Wimbledon: Rafael Nadal struggles through injury against Fritz
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Rafael Nadal has shed new light on what he has to go through to combat a chronic foot injury which previously drove him to the brink of retirement. The Spaniard showed incredible grit and resilience to notch two of the year’s four Grand Slam titles in 2022, pulling clear of Novak Djokovic at the top of the all-time Grand Slam charts.
Tough circumstances have made Nadal’s excellent 2022 look even more impressive. The Spanish veteran kicked off the calendar year by claiming his first Australian Open title in well over a decade and then battled through foot pain to win a staggering 14th French Open crown.
An unthinkable clean sweep was edging closer as he embarked on a promising run at Wimbledon, but he devastatingly tore an abdominal muscle before his semi-final showdown with Nick Kyrgios. That forced him to pull out and he suffered a similar issue leading up to the US Open in August.
Nadal played on regardless but was beaten in four sets by American Frances Tiafoe in the round of 16. The 36-year-old already has enough on his plate after being diagnosed with Mueller-Weiss Syndrome earlier in his career.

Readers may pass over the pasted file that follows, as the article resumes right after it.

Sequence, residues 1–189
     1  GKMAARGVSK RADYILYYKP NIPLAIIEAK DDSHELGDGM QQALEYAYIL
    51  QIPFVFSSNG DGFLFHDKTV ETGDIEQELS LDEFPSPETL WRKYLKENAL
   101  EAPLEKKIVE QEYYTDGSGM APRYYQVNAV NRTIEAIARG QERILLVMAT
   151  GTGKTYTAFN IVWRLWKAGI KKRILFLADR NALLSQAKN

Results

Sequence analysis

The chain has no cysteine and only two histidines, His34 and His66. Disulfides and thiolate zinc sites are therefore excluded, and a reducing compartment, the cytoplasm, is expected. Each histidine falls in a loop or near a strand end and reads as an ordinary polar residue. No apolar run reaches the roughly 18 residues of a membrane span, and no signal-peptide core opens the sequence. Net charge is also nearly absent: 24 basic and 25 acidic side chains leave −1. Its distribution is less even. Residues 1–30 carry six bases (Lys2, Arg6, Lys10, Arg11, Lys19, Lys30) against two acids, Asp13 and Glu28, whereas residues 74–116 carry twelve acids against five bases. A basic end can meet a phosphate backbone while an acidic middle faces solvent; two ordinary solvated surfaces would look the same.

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The condition is degenerative and causes chronic pain in the middle of the foot. With Nadal taking drastic measures to play on, cement his legacy and stave off retirement, he explained the extent of his injury ordeal in a recent interview.
“After winning at Roland Garros I was happy but at the same time I thought that I was going to have to retire if a solution was not found for my foot because I could not continue with those chronic pains,” he told Marca. “The point is that the new treatment worked and on a mental level I was much more comfortable.
“The truth is that I have [used radiofrequency treatment] many times after Wimbledon because the injury is incurable and when the nerve starts to hurt you have to do it again. I have to thank Mario, my regular anesthetist in Barcelona, and Dr. Angel Ruiz-Cotorro, who put me in contact with David Abejon, a specialist in the Pain Unit, to start a treatment that has drastically changed me.
“No longer my career, which in the end is secondary, but my personal life. Now I am much happier, beyond winning or losing on the track, because I was lame. I played tennis with a lot of anti-inflammatories but I was lame all day. I thought that I had to quit tennis because I had lost my vitality and was a sad person most days.”
Despite the turbulent year, Nadal is poised to have a crack at Grand Slam number 23 when the Australian Open comes back around next month. Hard court specialist Novak Djokovic will also be Down Under after a controversial ordeal saw him deported before last year’s tournament.
Authorities initially hit the Serb with a three-year ban from the country but Aussie immigration minister Andrew Giles has overturned the decision and granted Djokovic a visa. The 35-year-old has won the Australian Open on nine prior occasions and he last came up against Nadal at Roland Garros earlier this year, losing in four sets.
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